Like or dislike?: I didn’t wholly enjoy it because of the slow pace, but I think this was a book I don’t regret reading.

Would I buy it?: well, I borrowed it, and I wouldn’t mind buying it. But I’m poor so…

1-5: I give it a modest 4 out of 5.

Format of my book reviews

All my reviews will be spoiler-free and concise because that’s how reviews are meant to be. Due to the fact that it is in fact spoiler-free, there will not be a lot mentioned besides recomendation, likability and the book itself. I’m restricted in that area but I have freedom to explore other options—I can tell you if I would recommend the book, if I adored or disliked the book, if I would suggest or commit to buying it; what would I rate the book out of five (I usually give 3-5, 3 being good, 4 meaning I would recommend and enjoyed it thoroughly, and 5 meaning it is something of high caliber), and what point it falls on the easy-to-hard scale.

Now, for the type of books that I’ll be reviewing: Since I am a young adult, my general area of reading falls under that area. Although that category seems like a dot in the eclectic ones, I have to assure Young adult can traverse into many other boundaries. E.g, fantasy, dystopian, contemporary(a whole other genre with more levels and varying depths), romance, action, autobiographies( by young adults), graphic novels, and many many others.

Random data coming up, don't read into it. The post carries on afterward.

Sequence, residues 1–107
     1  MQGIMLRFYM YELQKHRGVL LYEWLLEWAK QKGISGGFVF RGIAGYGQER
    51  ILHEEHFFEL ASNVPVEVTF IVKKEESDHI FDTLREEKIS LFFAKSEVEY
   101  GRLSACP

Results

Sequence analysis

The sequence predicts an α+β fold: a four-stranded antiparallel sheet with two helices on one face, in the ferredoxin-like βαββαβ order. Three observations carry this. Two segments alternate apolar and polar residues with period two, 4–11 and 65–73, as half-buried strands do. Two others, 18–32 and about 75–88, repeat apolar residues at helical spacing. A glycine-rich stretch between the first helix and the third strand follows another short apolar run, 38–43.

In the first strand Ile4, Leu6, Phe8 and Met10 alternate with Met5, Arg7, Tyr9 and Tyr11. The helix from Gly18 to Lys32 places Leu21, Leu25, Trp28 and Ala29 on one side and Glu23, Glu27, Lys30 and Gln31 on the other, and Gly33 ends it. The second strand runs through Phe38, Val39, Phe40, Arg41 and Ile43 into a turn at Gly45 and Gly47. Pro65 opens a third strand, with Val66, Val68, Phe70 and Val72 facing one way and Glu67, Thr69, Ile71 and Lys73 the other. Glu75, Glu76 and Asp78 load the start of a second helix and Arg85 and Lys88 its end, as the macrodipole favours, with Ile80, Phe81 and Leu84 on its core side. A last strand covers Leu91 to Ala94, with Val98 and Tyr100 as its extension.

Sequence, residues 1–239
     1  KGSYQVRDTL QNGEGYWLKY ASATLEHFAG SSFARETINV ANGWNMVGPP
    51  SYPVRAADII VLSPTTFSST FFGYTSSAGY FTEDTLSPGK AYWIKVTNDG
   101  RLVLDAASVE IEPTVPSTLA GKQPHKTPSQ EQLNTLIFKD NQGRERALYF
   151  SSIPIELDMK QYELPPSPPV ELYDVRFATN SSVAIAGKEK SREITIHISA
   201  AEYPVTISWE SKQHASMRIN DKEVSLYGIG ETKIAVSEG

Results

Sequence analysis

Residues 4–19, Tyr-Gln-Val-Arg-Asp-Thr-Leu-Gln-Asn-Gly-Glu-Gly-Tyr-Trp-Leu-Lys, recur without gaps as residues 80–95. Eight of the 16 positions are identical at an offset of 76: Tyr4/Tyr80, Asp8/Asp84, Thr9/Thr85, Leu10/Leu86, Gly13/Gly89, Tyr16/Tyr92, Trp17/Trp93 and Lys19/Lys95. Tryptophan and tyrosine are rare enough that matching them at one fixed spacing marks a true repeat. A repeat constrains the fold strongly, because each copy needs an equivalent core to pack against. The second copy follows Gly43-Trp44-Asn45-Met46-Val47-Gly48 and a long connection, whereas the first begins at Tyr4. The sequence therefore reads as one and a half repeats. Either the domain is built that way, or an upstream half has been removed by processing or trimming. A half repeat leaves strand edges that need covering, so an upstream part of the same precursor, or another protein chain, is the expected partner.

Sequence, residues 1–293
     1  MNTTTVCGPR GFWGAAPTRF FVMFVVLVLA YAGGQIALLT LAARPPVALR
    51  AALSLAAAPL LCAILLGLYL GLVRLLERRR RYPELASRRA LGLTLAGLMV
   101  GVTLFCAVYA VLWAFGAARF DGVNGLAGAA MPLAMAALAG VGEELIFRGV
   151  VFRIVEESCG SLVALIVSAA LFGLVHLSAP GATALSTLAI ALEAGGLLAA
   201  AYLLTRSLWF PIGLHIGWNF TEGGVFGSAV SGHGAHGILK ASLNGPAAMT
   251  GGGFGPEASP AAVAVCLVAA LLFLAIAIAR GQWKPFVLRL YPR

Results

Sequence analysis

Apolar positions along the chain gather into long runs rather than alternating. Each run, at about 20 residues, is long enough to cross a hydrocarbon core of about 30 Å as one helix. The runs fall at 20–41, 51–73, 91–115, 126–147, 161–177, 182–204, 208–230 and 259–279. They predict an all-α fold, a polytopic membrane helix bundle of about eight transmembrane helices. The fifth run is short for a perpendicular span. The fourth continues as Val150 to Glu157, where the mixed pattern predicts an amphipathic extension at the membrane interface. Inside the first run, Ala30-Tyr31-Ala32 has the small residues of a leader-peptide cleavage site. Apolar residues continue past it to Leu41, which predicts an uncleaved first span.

Basically, I review books according to how I choose to, and I’ll pay attention to those petty details that might ruin a book for someone. Although, spoilers can actually enhance a reading experience it seems. I’ll save that for another post.

The start

Hello, you are the very witness to the beginning of a very horrible blog starting with a moderately treacherous post involving the issues of self-deprecation and lack of self-esteem evidently in the very first sentence that has not ended yet for some reason and is stil going on, and on, and on, and I will stop now.

Thank you for visiting, there’s more to come!

I can’t gurentee the quality will be as top-notch as this one, though.